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Cimetière du Montparnasse

Yet another year in which I fail to make it home for Cheng Beng – a customary “festival” similar to that of All Souls Day on a Christian calendar.

The last time I participated in the tending of our family ancestors’ graves was just before I moved to Europe, half a lifetime ago. Normally the timing simply didn’t work with my schedule but this year, it came incredibly close. I was home for my brother’s wedding recently, and it crossed my mind to extend my holiday so I can finally join my family on this year’s occasion. However, with work being incredibly busy, I didn’t feel it was appropriate to tack on another week to my ten days trip.

Cimetière du Montparnasse

And thus, rather peculiarly, I have cemetery in my mind. I think back to the Asian-styled tomb and final resting place of people near and dear to me, and at every turn, I also get flashbacks to the cemeteries that I’ve visited in Paris. Normally, according to my grandmother, one should not go to a cemetery bar specific event (like a funeral) or occasion (like Cheng Beng). However, I am less particular about keeping away from the Parisian cemeteries.

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Day 211: Cimetière du Montparnasse

Culturally, I’ve been taught that cemetery is one place you don’t go to unless (1) it’s part of funeral/burial ritual, (2) it’s a designated prayer day, and (3) it’s dictated as part of specific ceremony. My grandma would be horrified to know that I’m visiting one as if it’s a place of attraction. However, in Paris, that’s what some of them are considered. You could even get a map that marks out the graves of the “stars” of the cemetery.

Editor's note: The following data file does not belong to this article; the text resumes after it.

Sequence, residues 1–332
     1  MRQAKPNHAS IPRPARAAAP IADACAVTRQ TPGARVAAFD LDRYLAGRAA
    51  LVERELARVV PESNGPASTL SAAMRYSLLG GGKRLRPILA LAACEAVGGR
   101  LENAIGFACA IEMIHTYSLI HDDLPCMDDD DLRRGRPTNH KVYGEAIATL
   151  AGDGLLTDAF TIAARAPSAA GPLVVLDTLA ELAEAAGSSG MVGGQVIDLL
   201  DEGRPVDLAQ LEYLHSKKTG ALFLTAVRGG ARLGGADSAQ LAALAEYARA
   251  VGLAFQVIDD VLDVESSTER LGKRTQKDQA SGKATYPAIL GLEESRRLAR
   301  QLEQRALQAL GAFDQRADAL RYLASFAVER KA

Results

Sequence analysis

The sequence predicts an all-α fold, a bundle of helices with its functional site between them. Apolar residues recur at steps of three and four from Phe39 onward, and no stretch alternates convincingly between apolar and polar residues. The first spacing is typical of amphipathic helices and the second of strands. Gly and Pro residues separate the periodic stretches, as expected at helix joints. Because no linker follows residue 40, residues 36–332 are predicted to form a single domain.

Perhaps there’s an energy of morbidity around. With Hungry Ghost Festival taking place soon, and having just visited an exhibition on Voodooism at Fondation Cartier, it seems natural to take a walk at Cimetière du Montparnasse nearby. Truly, it’s a very well-kept compound, with a sense of calm and zen. It is also fascinating, given it’s a multi-denominational cemetery, with interesting and varied monuments setting one grave aside from another. Just look at the one above. It could have easily passed for an art display anywhere, if you discount the other graves that you could see in the background.

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